In our previous post we wrote about the testing challenges faced in ensuring predictability and consistency of web application behaviour across different browsers and their versions as employed on desktops or devices driven by one of several operating systems.
In this post we will discuss how we can resolve or minimize this problem by adopting and adapting test approaches, dependent on the project context.
At Arrk, some of these approaches are used to ensure that the web application is compatible across browsers and devices.
A Strategy to focus and limit tests
The possible browser-version-operating system-version-device combinations for an application under test are too many to be tested completely, considering the constraints of time. The task is clearly to focus on combination(s) which is most popular and most used (please see the diagram). To address this, Analytics data helps the testing strategy enormously. Dependent on percentage usage, it makes sense to do more tests where usage is highest, and less as it drops and none at all after a certain threshold is reached. Geographical considerations of where the users reside is also important as browser popularity and preference could change from area to area. Information from Google Analytics and/or websites that provide usage statistics (e.g. StatCounter1, StatOwl2) is good to go with. This data coupled with any inputs from the customers can be used to determine the combinations to use and the scope of testing, whether full or happy path.
Along with this what has worked for Arrk is also a systematic distribution of different browsers and devices amongst the testing team during sprints when the development team do their implementation on one browser only. This helps to find and fix the usability bugs at the earliest. However when application wide regression tests are performed, all the tests focus on the one or two most used browsers with a separate round for exploratory smoke tests on other non-major browsers/devices.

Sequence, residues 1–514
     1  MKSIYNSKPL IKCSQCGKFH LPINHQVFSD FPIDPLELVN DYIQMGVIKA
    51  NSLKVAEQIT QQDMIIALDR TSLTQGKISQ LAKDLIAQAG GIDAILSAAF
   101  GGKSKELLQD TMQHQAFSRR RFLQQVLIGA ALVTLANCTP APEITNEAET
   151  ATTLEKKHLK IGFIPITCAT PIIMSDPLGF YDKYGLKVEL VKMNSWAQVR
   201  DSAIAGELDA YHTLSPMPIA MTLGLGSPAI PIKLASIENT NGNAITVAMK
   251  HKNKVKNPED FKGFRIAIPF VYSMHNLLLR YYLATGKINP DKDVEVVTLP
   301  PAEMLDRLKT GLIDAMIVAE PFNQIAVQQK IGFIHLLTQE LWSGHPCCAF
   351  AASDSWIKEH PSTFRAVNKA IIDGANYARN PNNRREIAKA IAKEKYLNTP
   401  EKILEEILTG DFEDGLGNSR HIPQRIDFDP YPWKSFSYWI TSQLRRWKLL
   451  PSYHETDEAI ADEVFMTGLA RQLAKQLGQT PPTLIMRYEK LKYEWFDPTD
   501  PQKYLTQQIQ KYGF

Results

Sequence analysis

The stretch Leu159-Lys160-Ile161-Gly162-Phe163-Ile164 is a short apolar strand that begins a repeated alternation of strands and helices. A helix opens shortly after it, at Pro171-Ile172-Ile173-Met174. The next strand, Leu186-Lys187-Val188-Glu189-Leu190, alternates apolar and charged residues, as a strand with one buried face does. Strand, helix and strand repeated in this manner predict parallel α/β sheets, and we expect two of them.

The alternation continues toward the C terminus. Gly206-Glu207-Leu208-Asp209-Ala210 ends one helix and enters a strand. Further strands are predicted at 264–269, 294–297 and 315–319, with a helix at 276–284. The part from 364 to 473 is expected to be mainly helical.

Test Automation for Assurance
Tests are generally automated to target functional reliability since automated checks for look-n-feel is not worth the effort and best left for the human eye. Selenium WebDriver is a very popular functional automation tool and has evolved rapidly. WebDriver interacts with web applications in a very similar way as a human user does, providing a real-time simulation of user actions with the website. The Selenium drivers provided for Mozilla Firefox, Google Chrome and Internet Explorer have matured to a great extent and the drivers for Safari, iOS and Android are slowly catching up. WebDriver based automation is best done first with Mozilla Firefox browser. Firefox is a good choice due to availability of plug-ins and extensions which makes automation more productive and efficient. Once test scripts work as expected on Firefox, extending it to other browsers (Chrome and Internet Explorer) is relatively straight-forward.
A consideration also ought to be integrating with a continuous build tool (e.g. Maven, Hudson) where the latest test scripts are built and executed against the latest application build on a daily or periodic basis. An assurance of functional correctness is thus provided on an ongoing basis by running tests across browsers say Firefox, Chrome and IE. All failures (of the application or the test) are remediated such that alignment of the tests with the code is maintained. Alongside the functional failures there typically might be test failures on one browser and not the other which could be a potential browser specific implementation issue.
There are cloud based services available which can be used for taking screenshots of a web application in different operating systems and browsers. It provides a convenient way to test a website’s browser compatibility in one place. The developers can use them upfront to validate their design across a combination of operating systems, mobile devices, browsers, versions, screen resolutions, and so on. The way these services work is after a URL is supplied along with a choice of browser(s) and OS(s) combination, a number of distributed computers will open the website/web design and take screenshots and upload them to a central dedicated server for review. The screenshots can then be visually checked by a tester or developer to check if UI is as it should be. Examples of such websites include BrowserShots3, BrowserStack4.